Lie #5: Parabens are bad for you, so avoid products that contain them. The truth: The “parabens = bad” myth is so pervasive that many people have opted to take a better-safe-than-sorry approach. We can’t say we blame you for being cautious, but make sure your decision is based on facts, not on media-fueled misinformation. As it turns out, parabens are actually some of the gentlest preservatives used in cosmetics.

Parabens may come in the form of butylparaben, ethylparaben, isobutylparaben, methylparaben, or propylparaben. They’ve been linked distantly (meaning in limited studies on only a handful of subjects or in animal studies) to breast cancer due to their weak estrogenic activity and their presence in a tiny number of breast cancer tissue samples. That cancer connection, however remote, has some people worried. The truth is: There is no research proving parabens should be avoided when shopping for personal-care products, for yourself or for your family, at least no more so than avoiding plants that have estrogenic activity.

According to published research and global cosmetics regulatory organizations, from the United States and Canada to Europe and Asia, parabens, especially in the small amounts present in personal-care products, are not a problem. According to these studies (and assuming the parabens get into the body), parabens are “fully metabolized before they enter the blood stream,” which is more than can be said for some plant extracts with estrogenic activity, but no one is trying to scare you into avoiding plants.
In a review of the research into the estrogenic activity of parabens, the study’s author concluded that based on maximum daily exposure estimates, “it was impossible that parabens could increase the risk associated with exposure to estrogenic chemicals.” Although more cosmetics companies have opted to avoid parabens, those who continue to preserve their products with them are not making a mistake. Parabens are among the most effective (and safest) preservatives around. Indeed, their undeserved reputation has left many cosmetics chemists scrambling to find equally effective options. Read  more about the paraben controversy here!

The next time you come across a beauty tip or a claim that sounds too simple, too good to be true, or downright scary, you can almost always count on it being a beauty lie—and you can count on us to help you understand why!

 

 
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Toilet Of The Future

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“Toilets are extremely important for public health and, when you think of it,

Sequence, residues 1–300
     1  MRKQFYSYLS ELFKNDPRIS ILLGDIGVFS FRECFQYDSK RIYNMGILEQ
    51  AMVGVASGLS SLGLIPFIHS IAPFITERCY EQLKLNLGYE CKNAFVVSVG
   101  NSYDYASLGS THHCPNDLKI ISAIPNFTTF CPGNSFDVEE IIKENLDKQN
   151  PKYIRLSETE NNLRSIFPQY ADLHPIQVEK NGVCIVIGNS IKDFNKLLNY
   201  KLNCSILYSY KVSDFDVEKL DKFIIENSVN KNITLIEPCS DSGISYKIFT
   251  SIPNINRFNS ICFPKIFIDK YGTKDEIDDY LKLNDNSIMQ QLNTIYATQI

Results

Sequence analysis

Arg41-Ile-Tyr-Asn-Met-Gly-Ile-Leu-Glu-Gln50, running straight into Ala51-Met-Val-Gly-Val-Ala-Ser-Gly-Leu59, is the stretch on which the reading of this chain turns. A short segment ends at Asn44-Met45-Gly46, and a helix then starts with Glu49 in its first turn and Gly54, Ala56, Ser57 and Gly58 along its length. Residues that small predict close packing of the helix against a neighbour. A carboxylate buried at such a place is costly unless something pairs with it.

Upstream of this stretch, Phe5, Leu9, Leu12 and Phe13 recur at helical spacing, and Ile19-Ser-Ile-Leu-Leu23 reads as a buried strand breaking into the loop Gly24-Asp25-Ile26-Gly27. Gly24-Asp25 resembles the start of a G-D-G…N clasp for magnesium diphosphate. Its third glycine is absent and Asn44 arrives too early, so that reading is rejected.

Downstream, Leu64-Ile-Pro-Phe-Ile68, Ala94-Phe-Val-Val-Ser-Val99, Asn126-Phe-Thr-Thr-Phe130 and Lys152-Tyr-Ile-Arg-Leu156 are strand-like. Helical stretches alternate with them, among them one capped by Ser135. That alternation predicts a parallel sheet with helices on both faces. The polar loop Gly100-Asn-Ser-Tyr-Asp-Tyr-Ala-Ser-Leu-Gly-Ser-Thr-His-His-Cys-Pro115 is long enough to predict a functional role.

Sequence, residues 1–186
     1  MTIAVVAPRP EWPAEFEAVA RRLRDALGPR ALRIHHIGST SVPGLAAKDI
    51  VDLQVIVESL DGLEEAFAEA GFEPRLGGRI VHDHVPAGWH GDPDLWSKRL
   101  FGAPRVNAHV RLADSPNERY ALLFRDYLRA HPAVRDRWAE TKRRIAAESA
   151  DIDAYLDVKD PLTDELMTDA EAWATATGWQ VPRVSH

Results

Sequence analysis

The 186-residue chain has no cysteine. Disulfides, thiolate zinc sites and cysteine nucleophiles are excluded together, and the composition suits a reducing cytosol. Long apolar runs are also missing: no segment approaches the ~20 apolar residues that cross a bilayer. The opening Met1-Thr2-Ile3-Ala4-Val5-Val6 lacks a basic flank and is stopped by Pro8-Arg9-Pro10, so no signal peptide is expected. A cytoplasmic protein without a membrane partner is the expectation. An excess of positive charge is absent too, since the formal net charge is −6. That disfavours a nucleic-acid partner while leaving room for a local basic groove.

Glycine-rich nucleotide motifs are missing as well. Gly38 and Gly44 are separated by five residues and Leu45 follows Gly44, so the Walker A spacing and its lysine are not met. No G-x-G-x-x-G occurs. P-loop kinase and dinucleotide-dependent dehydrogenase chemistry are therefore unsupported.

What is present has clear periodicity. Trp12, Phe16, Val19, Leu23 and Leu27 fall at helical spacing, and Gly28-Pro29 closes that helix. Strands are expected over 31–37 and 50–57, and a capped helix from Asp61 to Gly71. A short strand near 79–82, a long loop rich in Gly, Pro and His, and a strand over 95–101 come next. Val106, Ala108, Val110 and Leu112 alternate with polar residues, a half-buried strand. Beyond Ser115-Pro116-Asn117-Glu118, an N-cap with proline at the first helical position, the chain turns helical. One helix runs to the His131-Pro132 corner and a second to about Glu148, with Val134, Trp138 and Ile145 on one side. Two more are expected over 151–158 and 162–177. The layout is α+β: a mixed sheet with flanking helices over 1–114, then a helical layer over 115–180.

even human dignity,” Gates said in a statement at thegatesnotes.com.

If you don’t have access to water, water treatment plants, sewage then a flushing toilet isn’t really ideal. Apparently flushing toilets are for the rich. So what kind of technology are we talking about for these toilets that will be used for developing countries. I wish our country could start off using these new technologies. i would kill to have an apartment that ran on solar power and have no power bill.

The Toilet Fair was described as a swirl of about 200 inventors, designers, investors, partners and others passionate about creating safe, effective, and inexpensive waste management systems.

Universities from Britain, Canada, and the United States were awarded prizes in a competition launched a year ago challenging inventors to come up with a better toilet.

First place went to the California Institute of Technology for designing a solar-powered toilet that generates hydrogen gas and electricity.

Loughborough University came in second for a toilet that transforms waste into biological charcoal, minerals, and clean water.

Third place went to the University of Toronto for a toilet that sanitizes human waste and recovers minerals and water.

The  Gates Foundation said that 4 in 10 people don’t have a sanitary place to do “their business”. This is obviously a health hazard and isn’t good for communities. When the water can’t be treated and it is tainted with fecal matter you have a whole lot of health issues.

Designing more economical toilets decreases children’s deaths and helps conserve water.

Michael Phelps Is New Louis Vuitton Model

It looks like the most decorated olympic athlete will have a new career as a model. He was photographed by  Annie Leibovitz for the Louis Vuitton shoot in a bathtub wearing his speedo of course next to his monogrammed Louis Vuitton duffel bag. Look for Michael Phelps new ad campaign in most popular magazines. It looks like even though Michael Phelps has retired as an olympic swimmer he still will be bringing home the gold in other ways. I’m defiantly looking forward to this ad. Looks like Michael Phelps will be joining the Louis Vuitton model club with Angelina Jolie, Muhammad Ali, Sean Connery, Bono, Mikhail Baryshnikov with Annie Leibovits.